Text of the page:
• Physicians
  • Medics
  • Educators
  • Law Enforcement
  • The military and civilian global medical community

For these reasons, many of the world’s top medical technology companies and medical device distributors make the JSOM a cornerstone of their advertising programs. And with a strong multichannel and social media presence, the JSOM offers the most dynamic print and digital media options at cost-effective prices. For medical marketers worldwide looking to reach our niche audience, the JSOM is the gold standard. For more information, please see our attached media kit.

See Our Media Kit

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Coming Soon

Coming Soon from the Journal of Special Operations Medicine published by Breakaway Media, LLC

We are excited to announce the upcoming publication of Tell Them Yourself: It's Not Your Day To Die*, by Frank Butler, Kevin O'Connor, and Jeff Butler.

It's an extraordinary, true account of how a small group of world-class trauma experts joined forces with America’s best combat medics to rewrite the battlefield medicine rule book and then sell these revolutionary new concepts to a disbelieving medical world.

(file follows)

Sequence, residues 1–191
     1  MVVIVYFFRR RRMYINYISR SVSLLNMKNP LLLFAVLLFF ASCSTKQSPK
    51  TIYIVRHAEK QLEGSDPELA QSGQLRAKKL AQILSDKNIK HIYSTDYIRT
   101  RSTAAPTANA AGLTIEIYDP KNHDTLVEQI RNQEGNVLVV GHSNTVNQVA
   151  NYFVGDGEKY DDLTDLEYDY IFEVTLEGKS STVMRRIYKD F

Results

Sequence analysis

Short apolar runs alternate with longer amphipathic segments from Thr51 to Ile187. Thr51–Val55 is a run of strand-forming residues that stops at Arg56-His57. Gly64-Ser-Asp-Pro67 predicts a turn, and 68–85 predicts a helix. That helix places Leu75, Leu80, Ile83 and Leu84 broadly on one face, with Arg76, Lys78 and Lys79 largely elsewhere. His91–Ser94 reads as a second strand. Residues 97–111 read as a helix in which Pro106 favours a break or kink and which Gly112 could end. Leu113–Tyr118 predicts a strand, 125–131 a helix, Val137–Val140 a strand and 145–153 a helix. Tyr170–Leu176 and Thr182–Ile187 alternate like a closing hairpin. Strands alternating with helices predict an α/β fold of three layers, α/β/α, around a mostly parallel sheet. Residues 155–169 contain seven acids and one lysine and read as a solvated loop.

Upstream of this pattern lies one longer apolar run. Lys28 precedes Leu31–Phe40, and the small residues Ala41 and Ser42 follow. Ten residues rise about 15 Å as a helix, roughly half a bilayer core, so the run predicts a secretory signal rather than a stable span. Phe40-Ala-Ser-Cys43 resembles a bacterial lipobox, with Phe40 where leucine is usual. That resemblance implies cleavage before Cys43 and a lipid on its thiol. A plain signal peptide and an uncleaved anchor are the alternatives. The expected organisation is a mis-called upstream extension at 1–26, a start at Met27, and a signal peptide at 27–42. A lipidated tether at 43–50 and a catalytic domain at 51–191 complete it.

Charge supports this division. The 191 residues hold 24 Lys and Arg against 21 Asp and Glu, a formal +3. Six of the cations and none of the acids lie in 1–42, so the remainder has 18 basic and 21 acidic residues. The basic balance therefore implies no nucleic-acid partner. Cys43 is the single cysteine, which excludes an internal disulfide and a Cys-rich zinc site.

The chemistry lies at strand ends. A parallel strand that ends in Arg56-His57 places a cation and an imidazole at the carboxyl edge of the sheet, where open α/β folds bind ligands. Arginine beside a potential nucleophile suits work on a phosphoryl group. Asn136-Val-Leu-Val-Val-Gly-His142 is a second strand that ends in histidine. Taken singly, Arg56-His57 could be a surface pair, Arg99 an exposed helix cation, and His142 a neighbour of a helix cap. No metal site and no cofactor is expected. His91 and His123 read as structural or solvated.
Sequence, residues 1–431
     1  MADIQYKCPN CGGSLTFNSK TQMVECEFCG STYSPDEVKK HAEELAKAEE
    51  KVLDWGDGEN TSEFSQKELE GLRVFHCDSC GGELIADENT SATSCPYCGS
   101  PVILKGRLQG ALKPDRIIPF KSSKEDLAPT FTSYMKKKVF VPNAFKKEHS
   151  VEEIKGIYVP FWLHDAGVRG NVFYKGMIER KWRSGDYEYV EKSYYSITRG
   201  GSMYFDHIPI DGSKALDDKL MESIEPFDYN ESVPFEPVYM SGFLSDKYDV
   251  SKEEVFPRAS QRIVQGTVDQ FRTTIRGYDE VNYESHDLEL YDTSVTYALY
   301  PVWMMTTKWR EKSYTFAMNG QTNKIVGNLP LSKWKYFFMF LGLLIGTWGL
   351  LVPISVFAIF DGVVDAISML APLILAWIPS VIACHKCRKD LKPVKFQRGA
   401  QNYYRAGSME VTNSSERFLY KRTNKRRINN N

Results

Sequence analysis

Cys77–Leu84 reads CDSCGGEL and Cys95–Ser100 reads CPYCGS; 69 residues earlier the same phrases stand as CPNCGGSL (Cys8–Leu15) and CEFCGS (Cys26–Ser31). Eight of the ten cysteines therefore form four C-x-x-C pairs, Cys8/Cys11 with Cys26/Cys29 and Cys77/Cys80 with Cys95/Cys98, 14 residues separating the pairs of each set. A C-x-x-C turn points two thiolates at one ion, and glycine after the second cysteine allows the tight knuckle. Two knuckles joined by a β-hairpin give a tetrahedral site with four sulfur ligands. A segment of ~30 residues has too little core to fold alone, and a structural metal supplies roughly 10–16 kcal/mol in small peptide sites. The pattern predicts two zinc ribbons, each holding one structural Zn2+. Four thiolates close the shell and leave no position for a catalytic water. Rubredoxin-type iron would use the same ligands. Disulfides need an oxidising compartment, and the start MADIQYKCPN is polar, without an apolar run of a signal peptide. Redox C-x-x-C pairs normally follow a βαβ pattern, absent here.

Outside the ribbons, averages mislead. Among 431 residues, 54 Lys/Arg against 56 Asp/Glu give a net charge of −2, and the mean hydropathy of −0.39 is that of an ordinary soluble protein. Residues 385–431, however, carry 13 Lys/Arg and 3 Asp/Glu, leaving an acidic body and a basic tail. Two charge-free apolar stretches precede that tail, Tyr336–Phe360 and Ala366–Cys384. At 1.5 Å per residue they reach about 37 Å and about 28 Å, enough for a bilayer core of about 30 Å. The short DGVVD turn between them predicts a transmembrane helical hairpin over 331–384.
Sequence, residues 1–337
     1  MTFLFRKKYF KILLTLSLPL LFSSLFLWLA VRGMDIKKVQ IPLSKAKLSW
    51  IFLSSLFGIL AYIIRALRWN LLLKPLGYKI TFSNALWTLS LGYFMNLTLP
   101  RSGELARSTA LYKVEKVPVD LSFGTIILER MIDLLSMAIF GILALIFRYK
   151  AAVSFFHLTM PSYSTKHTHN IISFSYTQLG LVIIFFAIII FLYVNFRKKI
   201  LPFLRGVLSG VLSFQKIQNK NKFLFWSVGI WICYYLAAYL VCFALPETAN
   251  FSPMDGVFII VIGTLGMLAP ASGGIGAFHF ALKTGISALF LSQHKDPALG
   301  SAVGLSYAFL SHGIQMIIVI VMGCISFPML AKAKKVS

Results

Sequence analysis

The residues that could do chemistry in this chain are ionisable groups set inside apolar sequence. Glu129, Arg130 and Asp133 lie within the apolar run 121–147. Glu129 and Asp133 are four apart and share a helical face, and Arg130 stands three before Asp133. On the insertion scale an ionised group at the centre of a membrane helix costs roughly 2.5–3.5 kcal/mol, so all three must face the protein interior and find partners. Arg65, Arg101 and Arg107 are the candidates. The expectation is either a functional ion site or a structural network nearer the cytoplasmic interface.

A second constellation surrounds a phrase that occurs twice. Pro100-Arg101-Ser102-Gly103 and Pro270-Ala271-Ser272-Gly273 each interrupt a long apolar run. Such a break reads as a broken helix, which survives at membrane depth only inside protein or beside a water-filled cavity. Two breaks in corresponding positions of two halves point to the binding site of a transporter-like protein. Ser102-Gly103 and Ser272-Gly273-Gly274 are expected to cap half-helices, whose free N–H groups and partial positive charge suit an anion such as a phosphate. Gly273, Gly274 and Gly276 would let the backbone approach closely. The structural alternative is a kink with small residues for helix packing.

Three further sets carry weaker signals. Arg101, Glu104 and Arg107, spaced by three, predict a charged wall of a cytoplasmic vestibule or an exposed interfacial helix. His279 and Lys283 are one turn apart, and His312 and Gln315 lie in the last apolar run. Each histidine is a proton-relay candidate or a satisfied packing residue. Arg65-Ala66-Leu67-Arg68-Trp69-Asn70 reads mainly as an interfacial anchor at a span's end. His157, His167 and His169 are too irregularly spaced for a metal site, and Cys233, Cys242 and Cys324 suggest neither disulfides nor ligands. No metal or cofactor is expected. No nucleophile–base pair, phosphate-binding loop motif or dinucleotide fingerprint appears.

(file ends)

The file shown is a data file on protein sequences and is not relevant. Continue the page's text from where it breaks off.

This is the definitive record of how TCCC came to be and how these protocols forever changed the way care is provided to those wounded in combat, written by the men who fought for the change.

*This highly anticipated book will premiere at the 2024 Special Operations Medical Association symposium. Dr. Frank Butler will be at the JSOM booth signing copies. The book will then be available to purchase on the JSOM website on or around May 20th.

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Journal of Special Operations Medicine